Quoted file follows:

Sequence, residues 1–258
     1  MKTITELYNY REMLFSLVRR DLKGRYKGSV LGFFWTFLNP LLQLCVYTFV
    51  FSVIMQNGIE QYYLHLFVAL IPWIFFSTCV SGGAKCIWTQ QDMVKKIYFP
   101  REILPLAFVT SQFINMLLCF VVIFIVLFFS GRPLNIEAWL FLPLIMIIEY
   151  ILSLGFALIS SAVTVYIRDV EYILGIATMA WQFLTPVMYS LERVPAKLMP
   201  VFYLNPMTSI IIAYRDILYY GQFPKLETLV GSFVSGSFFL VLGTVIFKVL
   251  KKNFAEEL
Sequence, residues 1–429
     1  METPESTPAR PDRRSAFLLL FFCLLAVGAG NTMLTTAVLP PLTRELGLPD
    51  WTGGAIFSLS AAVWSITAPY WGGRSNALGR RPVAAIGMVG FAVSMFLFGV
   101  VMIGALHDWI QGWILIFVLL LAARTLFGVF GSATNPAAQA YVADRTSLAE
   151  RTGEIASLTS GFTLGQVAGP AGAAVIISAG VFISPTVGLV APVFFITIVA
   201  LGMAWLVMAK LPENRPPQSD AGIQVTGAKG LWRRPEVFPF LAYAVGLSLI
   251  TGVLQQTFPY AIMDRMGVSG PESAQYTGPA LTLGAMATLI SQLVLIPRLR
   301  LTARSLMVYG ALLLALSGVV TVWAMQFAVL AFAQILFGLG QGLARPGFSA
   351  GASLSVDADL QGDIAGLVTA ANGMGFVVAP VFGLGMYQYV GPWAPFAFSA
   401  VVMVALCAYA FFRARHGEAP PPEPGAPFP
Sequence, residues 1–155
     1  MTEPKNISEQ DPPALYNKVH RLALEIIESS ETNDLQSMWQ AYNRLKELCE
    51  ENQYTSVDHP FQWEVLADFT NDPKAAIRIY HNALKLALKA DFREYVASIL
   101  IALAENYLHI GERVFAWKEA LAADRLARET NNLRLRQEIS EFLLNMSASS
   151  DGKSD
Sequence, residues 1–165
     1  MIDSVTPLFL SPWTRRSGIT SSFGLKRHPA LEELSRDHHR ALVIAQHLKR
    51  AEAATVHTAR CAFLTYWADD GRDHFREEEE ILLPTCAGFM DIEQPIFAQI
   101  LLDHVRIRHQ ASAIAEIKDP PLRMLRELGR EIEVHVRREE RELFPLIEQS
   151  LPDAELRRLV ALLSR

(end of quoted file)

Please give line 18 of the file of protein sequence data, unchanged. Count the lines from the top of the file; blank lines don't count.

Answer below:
Sequence, residues 1–155